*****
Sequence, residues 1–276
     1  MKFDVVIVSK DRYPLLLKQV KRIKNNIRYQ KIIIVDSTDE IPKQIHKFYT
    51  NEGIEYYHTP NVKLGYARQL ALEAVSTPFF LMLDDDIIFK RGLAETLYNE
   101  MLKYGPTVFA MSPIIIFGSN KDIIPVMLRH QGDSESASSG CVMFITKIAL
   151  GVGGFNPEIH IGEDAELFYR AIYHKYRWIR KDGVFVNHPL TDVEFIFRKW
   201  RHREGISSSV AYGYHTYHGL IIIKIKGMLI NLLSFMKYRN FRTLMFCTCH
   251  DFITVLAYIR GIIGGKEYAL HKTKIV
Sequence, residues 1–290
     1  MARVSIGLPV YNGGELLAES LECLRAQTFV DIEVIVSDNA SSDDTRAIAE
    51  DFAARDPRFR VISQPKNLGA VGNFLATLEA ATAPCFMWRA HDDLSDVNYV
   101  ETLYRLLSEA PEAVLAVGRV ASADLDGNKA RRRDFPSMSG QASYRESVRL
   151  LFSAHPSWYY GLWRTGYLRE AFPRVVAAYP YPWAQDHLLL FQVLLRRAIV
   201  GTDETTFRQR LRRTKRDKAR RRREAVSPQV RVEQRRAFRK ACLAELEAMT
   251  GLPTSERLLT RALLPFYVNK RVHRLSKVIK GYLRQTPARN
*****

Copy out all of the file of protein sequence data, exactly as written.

Sequence, residues 1–276
     1  MKFDVVIVSK DRYPLLLKQV KRIKNNIRYQ KIIIVDSTDE IPKQIHKFYT
    51  NEGIEYYHTP NVKLGYARQL ALEAVSTPFF LMLDDDIIFK RGLAETLYNE
   101  MLKYGPTVFA MSPIIIFGSN KDIIPVMLRH QGDSESASSG CVMFITKIAL
   151  GVGGFNPEIH IGEDAELFYR AIYHKYRWIR KDGVFVNHPL TDVEFIFRKW
   201  RHREGISSSV AYGYHTYHGL IIIKIKGMLI NLLSFMKYRN FRTLMFCTCH
   251  DFITVLAYIR GIIGGKEYAL HKTKIV
Sequence, residues 1–290
     1  MARVSIGLPV YNGGELLAES LECLRAQTFV DIEVIVSDNA SSDDTRAIAE
    51  DFAARDPRFR VISQPKNLGA VGNFLATLEA ATAPCFMWRA HDDLSDVNYV
   101  ETLYRLLSEA PEAVLAVGRV ASADLDGNKA RRRDFPSMSG QASYRESVRL
   151  LFSAHPSWYY GLWRTGYLRE AFPRVVAAYP YPWAQDHLLL FQVLLRRAIV
   201  GTDETTFRQR LRRTKRDKAR RRREAVSPQV RVEQRRAFRK ACLAELEAMT
   251  GLPTSERLLT RALLPFYVNK RVHRLSKVIK GYLRQTPARN